By merging right-wing interests with Wise Use goals, the Christian Right has generated massive profit while providing a substantial voter-base to a group which pillages the environment in direct contradiction of the rational conservation promoted in Leviticus. Likewise, thin religious sentiment provides opportunistic justification for climate change denial and perpetuation of current environmental standards which benefits primarily right-wing interests. The Right has seized these opportunities with complete disregard for sustainability of the human need to merely survive on this planet.

The Right has frequently and seemingly without conscience exploited the basic human need for personal safety and cultural independence, both domestically and across the globe. Less than one week following the terrorist attacks on 9/11, President George W. Bush invoked an unsettling memory of the past when addressing the United States’ impending response to global terrorism, saying “This crusade, this war on terrorism, is going to take a while” (Ford, 2001). The word crusade conjures up memories of the medieval crusades; near-genocidal military campaigns carried out by the Catholic Church as they intended to expand their borders and sphere of influence (Davies, 1997). Waving the flag of righteousness, Catholicism opportunistically and brutally exploited foreign peoples for their own selfish gains, a trend that continues in the present day. As a conservative Methodist-Christian (Cooperman, 2004), Bush made it very clear that the war on terror carried strong religious overtones when he called it a crusade. The Right has a deep interest in American foreign affairs, hoping to spread their faith and thus consolidate their power and influence, eerily echoing the violent tragedy of the medieval Crusades. As mentioned above, the Right has hijacked much of the American electorate, and hiding behind a veil of thin religious rationale they have sent their army into foreign lands on a quest for cultural assimilation, profit and power. The rhetoric has been appropriated over the years to fit whichever new foe has arisen, and while Jesus preached compassion, the Right is quick to overlook this if it impedes their progress. Anne Coulter, American conservative-Christian political commentator, responded in 2001 to the 9/11 attacks that, “We should invade their countries, kill their leaders and convert them to Christianity!” (Digby Parton, 2014). The focus has since shifted more towards the Islamic State of Iraq and Syria (ISIS), although the goal of maintaining Christian-American influence in the Muslim-dominated Middle East remains constant. Indeed, the crimes of ISIS are numerous and extreme, but bringing them to justice seems a backburner goal to pushing the influence of the Right into Islamic territory, regardless of how these crusades affect the innocent civilians. Texas Senator Ted Cruz easily interchanged ‘Christian’ and ‘American’ in September, 2014, saying that,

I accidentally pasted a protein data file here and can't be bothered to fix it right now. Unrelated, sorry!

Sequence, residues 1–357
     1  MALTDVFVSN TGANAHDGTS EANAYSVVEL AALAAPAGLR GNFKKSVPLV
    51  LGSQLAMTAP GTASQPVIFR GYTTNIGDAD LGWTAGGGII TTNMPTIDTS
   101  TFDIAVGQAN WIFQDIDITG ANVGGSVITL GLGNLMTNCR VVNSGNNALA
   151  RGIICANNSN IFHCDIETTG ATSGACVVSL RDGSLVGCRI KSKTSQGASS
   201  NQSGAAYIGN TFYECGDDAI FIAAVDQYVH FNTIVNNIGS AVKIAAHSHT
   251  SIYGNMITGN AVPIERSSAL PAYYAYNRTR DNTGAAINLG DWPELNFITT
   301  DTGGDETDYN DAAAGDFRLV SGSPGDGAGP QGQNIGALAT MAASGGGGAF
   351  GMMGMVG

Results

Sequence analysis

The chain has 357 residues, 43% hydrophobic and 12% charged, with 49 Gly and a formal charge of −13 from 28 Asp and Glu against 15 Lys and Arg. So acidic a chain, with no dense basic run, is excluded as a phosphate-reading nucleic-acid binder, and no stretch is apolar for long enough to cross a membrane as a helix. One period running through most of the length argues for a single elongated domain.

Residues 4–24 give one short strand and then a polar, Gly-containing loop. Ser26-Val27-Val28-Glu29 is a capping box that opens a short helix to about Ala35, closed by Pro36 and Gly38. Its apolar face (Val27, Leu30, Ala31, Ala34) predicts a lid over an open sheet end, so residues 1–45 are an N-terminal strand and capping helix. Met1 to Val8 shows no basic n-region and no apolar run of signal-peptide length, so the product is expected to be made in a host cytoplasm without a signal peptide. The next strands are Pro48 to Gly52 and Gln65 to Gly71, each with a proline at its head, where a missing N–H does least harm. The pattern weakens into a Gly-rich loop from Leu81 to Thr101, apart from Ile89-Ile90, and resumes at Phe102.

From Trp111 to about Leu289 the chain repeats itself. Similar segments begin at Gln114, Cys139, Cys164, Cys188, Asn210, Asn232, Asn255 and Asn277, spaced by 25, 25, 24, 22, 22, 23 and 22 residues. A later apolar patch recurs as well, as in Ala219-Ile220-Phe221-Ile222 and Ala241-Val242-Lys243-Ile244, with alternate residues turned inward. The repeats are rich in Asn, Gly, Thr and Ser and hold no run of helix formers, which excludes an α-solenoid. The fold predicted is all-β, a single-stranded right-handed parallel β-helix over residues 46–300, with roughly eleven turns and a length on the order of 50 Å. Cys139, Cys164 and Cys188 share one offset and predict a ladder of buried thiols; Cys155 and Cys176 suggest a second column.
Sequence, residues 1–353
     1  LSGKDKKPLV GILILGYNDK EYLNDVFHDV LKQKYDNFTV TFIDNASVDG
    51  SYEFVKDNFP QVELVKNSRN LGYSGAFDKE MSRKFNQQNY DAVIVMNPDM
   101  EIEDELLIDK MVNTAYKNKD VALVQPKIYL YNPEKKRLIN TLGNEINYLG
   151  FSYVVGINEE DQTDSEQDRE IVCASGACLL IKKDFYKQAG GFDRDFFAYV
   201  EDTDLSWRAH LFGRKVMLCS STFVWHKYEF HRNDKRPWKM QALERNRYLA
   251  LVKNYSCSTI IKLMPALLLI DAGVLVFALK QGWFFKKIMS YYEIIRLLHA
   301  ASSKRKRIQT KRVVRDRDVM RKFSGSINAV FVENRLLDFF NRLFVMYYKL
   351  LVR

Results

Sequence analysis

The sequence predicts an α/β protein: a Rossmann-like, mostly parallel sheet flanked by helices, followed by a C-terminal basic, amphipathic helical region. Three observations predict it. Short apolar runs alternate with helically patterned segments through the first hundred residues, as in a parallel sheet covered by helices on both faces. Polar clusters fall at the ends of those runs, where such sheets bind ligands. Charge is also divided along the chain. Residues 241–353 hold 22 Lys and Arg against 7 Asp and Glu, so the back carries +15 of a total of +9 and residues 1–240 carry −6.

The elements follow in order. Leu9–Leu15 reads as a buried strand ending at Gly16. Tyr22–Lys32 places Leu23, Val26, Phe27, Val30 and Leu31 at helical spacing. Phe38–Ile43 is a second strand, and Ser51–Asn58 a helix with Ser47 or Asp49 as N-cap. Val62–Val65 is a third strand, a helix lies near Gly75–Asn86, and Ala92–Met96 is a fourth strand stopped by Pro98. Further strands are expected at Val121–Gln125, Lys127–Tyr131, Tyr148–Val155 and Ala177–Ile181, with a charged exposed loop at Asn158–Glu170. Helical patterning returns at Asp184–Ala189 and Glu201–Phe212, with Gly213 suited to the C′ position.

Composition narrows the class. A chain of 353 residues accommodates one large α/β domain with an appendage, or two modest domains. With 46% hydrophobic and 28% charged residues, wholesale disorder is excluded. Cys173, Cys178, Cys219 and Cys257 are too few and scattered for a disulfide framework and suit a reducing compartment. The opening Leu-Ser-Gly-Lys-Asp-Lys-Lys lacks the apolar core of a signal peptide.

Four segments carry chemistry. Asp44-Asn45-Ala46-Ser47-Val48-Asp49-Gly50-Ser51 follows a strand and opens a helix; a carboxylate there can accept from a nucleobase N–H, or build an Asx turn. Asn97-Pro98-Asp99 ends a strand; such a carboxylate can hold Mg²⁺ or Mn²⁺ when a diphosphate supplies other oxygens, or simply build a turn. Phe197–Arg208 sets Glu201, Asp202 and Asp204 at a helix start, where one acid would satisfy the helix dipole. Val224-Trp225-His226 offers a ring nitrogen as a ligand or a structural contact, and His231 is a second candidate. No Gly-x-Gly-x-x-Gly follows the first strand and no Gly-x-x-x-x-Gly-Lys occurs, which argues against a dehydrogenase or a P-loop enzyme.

“It’s not our job to be social workers in Iraq and put them all on expanded Medicaid. It is our job to kill terrorists who have declared war on America and who have demonstrated the intention and capability to murder innocent Americans…ISIS right now is the face of evil. They are crucifying Christians, they are persecuting Christians” (Jones, 2014).

Senator Cruz, a Southern Baptist (Texan of the Year, 2012), demonstrates the Right’s willingness to absorb the collateral damage and retaliation, showing how expendable human life becomes when it infringes on an opportunity to expand their authority. Likewise, it is not just foreign bystanders who are deprived of their need for safety and cultural liberty. The fear mongering required domestically to encourage these campaigns occurs at the expense of the conscience of American civilians, who continually bow to the infringements of a police-state on their privacy and civil rights.

Since the dawn of civilization humans have questioned our origins, the notion of death and our significance as a species. Religion arose to answer to those big questions, but has slowly decayed over time into a corrupt, politically driven entity which is less concerned with providing hope and solace for its followers than expanding and solidifying its own global influence. At a domestic level, the Christian Right manipulates its own parishioners; by parading environmentalism as Atheistic it preys on their need of an answer to the question of an afterlife, while simultaneously acquiring more support for their own profit driven interests. Our significance as a species in the universe is a daunting thought, but as Western religion is pushed by the Right as the one true faith, it allows them to garner support for their global crusade to annihilate the culture, and if need be, the people of foreign nations who impede them. Again they exploit their own parishioners’ need for an answer regarding their place in the universe in order to consolidate their power. Outside its borders, non-Christians suffer most as their culture is bulldozed by the Right and their own need of answers to the big questions are ignored as they are set upon by greed and opportunism. As a global species humans need to survive on this planet, safely and within their own culture: fundamental needs which are continually exploited by the Christian Right as they opportunistically grind forward, disregarding humanities search for answers in their relentless quest for profit and power.